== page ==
A capsule of triamterene and hydrochlorothiazide is bioequivalent to a single entity 25-mg hydrochlorothiazide tablet and 37.5-mg triamterene capsule used in the double-blind clinical trial below ( see Clinical Trials).
In a limited study involving 12 subjects, coadministration of triamterene and hydrochlorothiazide capsules with a high-fat meal resulted in: (1) an increase in the mean bioavailability of triamterene by about 67% (90% confidence interval = 0.99, 1.90), p-hydroxytriamterene sulfate by about 50% (90% confidence interval = 1.06, 1.77), hydrochlorothiazide by about 17% (90% confidence interval = 0.90, 1.34); (2) increases in the peak concentrations of triamterene and p-hydroxytriamterene; and (3) a delay of up to 2 hours in the absorption of the active constituents.
A placebo-controlled, double-blind trial was conducted to evaluate the efficacy of triamterene and hydrochlorothiazide capsules. This trial demonstrated that triamterene and hydrochlorothiazide capsules (37.5 mg triamterene/25 mg hydrochlorothiazide) were effective in controlling blood pressure while reducing the incidence of hydrochlorothiazide-induced hypokalemia. This trial involved 636 patients with mild to moderate hypertension controlled by hydrochlorothiazide 25 mg daily and who had hypokalemia (serum potassium <3.5 mEq/L) secondary to the hydrochlorothiazide. Patients were randomly assigned to 4 weeks’ treatment with once-daily regimens of 25 mg hydrochlorothiazide plus placebo, or 25 mg hydrochlorothiazide combined with one of the following doses of triamterene: 25 mg, 37.5 mg, 50 mg, or 75 mg.
Blood pressure and serum potassium were monitored at baseline and throughout the trial. All 5 treatment groups had similar mean blood pressure and serum potassium concentrations at baseline (mean systolic blood pressure range: 137 ± 14 mmHg to 140 ± 16 mmHg; mean diastolic blood pressure range: 86 ± 9 mmHg to 88 ± 8 mmHg; mean serum potassium range: 2.3 to 3.4 mEq/L with the majority of patients having values between 3.1 and 3.4 mEq/L).
While all triamterene regimens reversed hypokalemia, at Week 4 the 37.5-mg regimen proved optimal compared with the other tested regimens. On this regimen, 81% of the patients had a significant ( P <0.05) reversal of hypokalemia vs. 59% of patients on the placebo/hydrochlorothiazide regimen. The mean serum potassium concentration on 37.5 mg triamterene went from 3.2 ± 0.2 mEq/L at baseline to 3.7 ± 0.3 mEq/L at Week 4, a significantly greater ( P <0.05) improvement than that achieved with placebo/hydrochlorothiazide (i.e., 3.2 ± 0.2 mEq/L at baseline and 3.5 ± 0.4 mEq/L at Week 4). Also, 51% of patients in the 37.5-mg triamterene group had an increase in serum potassium of ≥0.5 mEq/L at Week 4 vs. 33% in the placebo group. The 37.5-mg triamterene/25-mg hydrochlorothiazide regimen also maintained control of blood pressure; mean supine systolic blood pressure at Week 4 was 138 ± 21 mmHg while mean supine diastolic blood pressure was 87 ± 13 mmHg.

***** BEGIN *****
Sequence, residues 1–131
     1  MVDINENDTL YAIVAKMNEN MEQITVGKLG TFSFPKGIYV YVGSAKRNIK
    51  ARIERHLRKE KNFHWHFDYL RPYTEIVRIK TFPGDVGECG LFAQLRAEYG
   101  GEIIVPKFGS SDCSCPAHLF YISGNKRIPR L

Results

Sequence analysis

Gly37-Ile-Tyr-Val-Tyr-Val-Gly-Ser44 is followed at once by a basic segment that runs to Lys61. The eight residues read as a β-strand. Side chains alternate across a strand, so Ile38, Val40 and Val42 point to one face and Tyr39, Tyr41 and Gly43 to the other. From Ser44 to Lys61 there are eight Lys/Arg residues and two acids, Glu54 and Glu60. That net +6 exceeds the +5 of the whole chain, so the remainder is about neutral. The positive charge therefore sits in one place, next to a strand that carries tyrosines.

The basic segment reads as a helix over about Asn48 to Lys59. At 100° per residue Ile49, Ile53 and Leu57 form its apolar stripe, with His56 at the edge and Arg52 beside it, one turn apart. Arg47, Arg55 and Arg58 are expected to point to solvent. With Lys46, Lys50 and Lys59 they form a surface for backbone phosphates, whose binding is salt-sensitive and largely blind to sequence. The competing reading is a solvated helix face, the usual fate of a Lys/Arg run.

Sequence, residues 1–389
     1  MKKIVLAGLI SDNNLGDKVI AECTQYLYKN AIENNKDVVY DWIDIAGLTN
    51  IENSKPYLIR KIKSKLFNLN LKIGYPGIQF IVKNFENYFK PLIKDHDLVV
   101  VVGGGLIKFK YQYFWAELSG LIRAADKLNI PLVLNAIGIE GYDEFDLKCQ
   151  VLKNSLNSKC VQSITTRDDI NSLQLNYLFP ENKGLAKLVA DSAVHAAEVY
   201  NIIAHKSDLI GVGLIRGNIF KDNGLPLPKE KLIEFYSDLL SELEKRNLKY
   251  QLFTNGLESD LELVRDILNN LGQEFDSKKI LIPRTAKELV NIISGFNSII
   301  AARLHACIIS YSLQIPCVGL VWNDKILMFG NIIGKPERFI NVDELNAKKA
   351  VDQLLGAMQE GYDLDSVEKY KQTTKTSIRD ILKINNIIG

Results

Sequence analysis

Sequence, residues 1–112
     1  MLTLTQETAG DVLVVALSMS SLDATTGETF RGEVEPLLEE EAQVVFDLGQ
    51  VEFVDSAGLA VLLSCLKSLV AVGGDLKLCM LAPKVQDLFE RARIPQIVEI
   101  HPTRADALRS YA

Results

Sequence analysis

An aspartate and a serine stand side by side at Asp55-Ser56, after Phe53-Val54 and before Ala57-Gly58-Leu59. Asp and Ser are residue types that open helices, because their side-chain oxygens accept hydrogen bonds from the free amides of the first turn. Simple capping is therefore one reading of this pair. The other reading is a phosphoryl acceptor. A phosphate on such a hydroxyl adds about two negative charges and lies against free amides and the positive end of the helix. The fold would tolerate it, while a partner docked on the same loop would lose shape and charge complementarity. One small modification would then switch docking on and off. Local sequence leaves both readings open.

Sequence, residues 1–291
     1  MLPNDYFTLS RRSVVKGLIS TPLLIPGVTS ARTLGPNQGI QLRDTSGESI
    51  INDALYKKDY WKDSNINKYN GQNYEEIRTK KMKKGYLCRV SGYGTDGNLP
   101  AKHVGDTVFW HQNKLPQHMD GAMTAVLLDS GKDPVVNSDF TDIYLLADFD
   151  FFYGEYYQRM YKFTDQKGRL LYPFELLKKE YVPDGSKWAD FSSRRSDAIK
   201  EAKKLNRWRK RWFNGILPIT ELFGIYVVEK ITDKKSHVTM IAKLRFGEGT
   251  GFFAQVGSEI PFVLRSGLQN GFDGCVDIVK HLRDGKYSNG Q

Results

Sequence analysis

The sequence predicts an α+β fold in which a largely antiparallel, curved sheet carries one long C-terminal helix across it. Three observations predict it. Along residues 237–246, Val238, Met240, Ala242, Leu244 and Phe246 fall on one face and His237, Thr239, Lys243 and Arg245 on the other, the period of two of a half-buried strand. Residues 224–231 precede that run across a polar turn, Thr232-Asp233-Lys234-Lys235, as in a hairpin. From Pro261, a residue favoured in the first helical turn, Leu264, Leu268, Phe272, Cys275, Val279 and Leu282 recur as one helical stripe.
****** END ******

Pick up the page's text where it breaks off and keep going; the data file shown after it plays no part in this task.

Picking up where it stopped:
Triamterene and hydrochlorothiazide capsules are indicated for the treatment of hypertension or edema in patients who develop hypokalemia on hydrochlorothiazide alone.
Triamterene and hydrochlorothiazide capsules are also indicated for those patients who require a thiazide diuretic and in whom the development of hypokalemia cannot be risked.
Triamterene and hydrochlorothiazide capsules may be used alone or as an adjunct to other antihypertensive drugs, such as beta-blockers. Since triamterene and hydrochlorothiazide capsules may enhance the action of these agents, dosage adjustments may be necessary.
The routine use of diuretics in an otherwise healthy woman is inappropriate and exposes mother and fetus to unnecessary hazard. Diuretics do not prevent development of toxemia of pregnancy, and there is no satisfactory evidence that they are useful in the treatment of developed toxemia.
Edema during pregnancy may arise from pathological causes or from the physiologic and mechanical consequences of pregnancy. Diuretics are indicated in pregnancy when edema is due to pathologic causes, just as they are in the absence of pregnancy. Dependent edema in pregnancy resulting from restriction of venous return by the expanded uterus is properly treated through elevation of the lower extremities and use of support hose; use of diuretics to lower intravascular volume in this case is illogical and unnecessary. There is hypervolemia during normal pregnancy which is harmful to neither the fetus nor the mother (in the absence of cardiovascular disease), but which is associated with edema, including generalized edema in the majority of pregnant women. If this edema produces discomfort, increased recumbency will often provide relief. In rare instances this edema may cause extreme discomfort which is not relieved by rest. In these cases, a short course of diuretics may provide relief and may be appropriate.